Post-Traumatic Stress Disorder (PTSD)

  • 15-Jun-2019   
  • | Dr. Sundus Shafat Ahmad
  • | 681
  • Average Reading Time: 2 minutes and 40 seconds   

It is natural for people who go through traumatic events to feel scared and have temporary difficulty coping with it. Most people usually recover from the symptoms and get better with time and good self-care. However, you may have PTSD if the symptoms worsen, last for months or even years and interfere with your daily functioning.

What is PTSD?

Post-traumatic stress disorder (PTSD) is a mental health disorder that develops in certain individuals who have witnessed or experienced a terrifying, scary event such as physical assault, childhood abuse or an accident.


The official cause of PTSD is unknown, but it is thought to be caused by a mix of certain factors including:

  • Stressful experiences
  • Inherited mental health risks
  • Inherited personality features
  • Regulation of chemicals in the brain and release of hormones in case of stress

Signs and Symptoms

PTSD symptoms usually begin early, within a few months of the event but sometimes, they do not appear for years. These lead to significant problems in your work, social and personal life.

Symptoms can vary in intensity over time for each individual. They are generally grouped into four categories:

Intrusive Memories

  • Recurrent, troubling memories
  • Flashbacks
  • Upsetting nightmares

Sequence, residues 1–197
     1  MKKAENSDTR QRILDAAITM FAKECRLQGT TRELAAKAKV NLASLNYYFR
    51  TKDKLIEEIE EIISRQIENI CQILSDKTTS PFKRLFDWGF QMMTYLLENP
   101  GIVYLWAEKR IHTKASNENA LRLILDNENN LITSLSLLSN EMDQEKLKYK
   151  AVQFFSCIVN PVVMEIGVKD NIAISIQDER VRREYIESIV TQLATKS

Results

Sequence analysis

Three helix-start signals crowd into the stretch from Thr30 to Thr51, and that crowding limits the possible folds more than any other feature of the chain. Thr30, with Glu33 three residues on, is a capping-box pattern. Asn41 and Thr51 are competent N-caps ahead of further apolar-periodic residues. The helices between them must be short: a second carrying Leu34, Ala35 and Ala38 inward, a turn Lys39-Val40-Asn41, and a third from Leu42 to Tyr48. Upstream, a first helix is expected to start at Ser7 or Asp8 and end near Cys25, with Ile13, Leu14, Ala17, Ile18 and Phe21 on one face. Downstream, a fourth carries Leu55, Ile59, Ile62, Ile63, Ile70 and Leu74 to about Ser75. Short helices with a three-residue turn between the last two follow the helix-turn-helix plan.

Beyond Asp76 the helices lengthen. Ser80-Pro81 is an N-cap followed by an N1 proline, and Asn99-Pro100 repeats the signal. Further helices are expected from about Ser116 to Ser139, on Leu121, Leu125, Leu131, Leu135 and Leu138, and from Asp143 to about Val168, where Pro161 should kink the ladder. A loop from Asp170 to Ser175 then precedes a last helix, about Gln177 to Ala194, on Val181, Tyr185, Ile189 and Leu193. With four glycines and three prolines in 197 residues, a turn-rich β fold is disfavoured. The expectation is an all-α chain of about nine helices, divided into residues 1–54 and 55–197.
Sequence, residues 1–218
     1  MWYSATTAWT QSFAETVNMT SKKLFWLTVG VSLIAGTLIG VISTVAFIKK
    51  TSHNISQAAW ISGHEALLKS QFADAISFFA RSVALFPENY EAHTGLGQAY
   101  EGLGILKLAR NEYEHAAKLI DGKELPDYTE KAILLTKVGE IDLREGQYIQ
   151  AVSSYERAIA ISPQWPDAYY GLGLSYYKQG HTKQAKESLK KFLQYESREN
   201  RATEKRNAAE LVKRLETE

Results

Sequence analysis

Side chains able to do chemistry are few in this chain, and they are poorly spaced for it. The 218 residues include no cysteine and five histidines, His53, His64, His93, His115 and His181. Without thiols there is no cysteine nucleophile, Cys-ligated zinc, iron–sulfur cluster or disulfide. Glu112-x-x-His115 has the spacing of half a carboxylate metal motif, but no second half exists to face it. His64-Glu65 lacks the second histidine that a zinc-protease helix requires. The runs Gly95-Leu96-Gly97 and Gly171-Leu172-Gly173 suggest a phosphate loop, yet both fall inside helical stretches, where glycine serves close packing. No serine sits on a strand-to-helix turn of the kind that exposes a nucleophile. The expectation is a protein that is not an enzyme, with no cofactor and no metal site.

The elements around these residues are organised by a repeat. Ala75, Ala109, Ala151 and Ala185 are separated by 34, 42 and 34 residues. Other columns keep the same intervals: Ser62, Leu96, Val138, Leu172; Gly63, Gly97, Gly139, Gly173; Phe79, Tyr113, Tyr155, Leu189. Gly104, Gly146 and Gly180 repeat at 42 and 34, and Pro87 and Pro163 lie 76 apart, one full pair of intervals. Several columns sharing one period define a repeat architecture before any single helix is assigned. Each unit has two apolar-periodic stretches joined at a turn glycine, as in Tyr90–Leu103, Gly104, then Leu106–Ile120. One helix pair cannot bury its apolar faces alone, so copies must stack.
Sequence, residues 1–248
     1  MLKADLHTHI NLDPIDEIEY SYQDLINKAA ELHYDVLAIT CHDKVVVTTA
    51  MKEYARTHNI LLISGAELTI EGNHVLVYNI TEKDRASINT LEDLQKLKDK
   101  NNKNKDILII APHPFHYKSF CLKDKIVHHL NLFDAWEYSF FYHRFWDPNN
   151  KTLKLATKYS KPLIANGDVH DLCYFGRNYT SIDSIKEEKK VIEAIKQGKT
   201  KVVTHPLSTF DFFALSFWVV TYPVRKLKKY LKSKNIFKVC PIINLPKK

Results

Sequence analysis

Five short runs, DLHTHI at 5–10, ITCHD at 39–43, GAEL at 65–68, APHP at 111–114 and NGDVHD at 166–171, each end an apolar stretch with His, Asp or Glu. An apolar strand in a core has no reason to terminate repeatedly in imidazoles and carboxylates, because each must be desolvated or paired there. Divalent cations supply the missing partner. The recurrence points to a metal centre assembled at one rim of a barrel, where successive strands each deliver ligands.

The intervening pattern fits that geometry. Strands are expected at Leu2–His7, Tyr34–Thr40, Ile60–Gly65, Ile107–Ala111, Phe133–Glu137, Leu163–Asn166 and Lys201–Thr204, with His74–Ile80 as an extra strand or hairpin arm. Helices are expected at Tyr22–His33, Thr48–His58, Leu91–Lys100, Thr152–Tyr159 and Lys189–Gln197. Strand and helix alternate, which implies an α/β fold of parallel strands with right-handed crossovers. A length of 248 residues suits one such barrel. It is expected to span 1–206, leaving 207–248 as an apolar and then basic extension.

• Severe emotional or physical distress to reminders


  • Avoiding talking or thinking about the event
  • Avoiding places, people and things that remind you of the event

Negative changes in thinking and mood

  • Negative thoughts
  • Memory issues
  • Detachment from loved ones
  • Feeling numb
  • Inability to maintain close relationships


  • Easily frightened
  • Being over alert
  • Self-destructive behavior
  • Trouble sleeping
  • Aggressiveness
  • Overwhelming shame


PTSD treatment will provide a sense of control over your life. The primary treatment is psychotherapy, but medication is also used. These will teach you how to address your symptoms and learn coping mechanisms for whenever they arise, thereby improving symptoms considerably.


Also known as talk therapy, it requires the individual to talk with a mental health professional from 6-12 weeks. The different types include:

  • Cognitive therapy

This helps you recognize their negative thinking and make sense of their bad memories. It also restructures those thoughts and shows you what happened in a realistic way.

  • Exposure therapy

This behavioral therapy helps you deal with the fear and control it. It involves gradual exposure to the trauma in a safe way so you can learn to cope with it in a safe way.


Several types of medications can help improve symptoms. These include:

  • Antidepressants

This is the most common type used which helps manage some of the symptoms such as depression, worry and anger. It also improves sleep problems and focus.

  • Anti-anxiety medications

These are generally used for a short time and help relieve extreme anxiety.

PTSD Research

Over the last decade, progress surrounding research on the mental and biological foundations of PTSD has resulted in scientists concentrating more on the underlying reasons why people have a number of reactions to trauma.

In a recent study, researchers may have come close to improve a common treatment of PTSD by altering the way the brain responds to fearful situations. It offers a potential improvement to exposure therapy. The idea is to simply replace an expected threat with a harmless sound which will lead to a long-lasting feeling of safety.

A Clinical Microbiologist by profession, Sundus is an avid reader, full time people person, always looking to make the most of life, the 'healthy' way.

Dr. Sundus Shafat Ahmad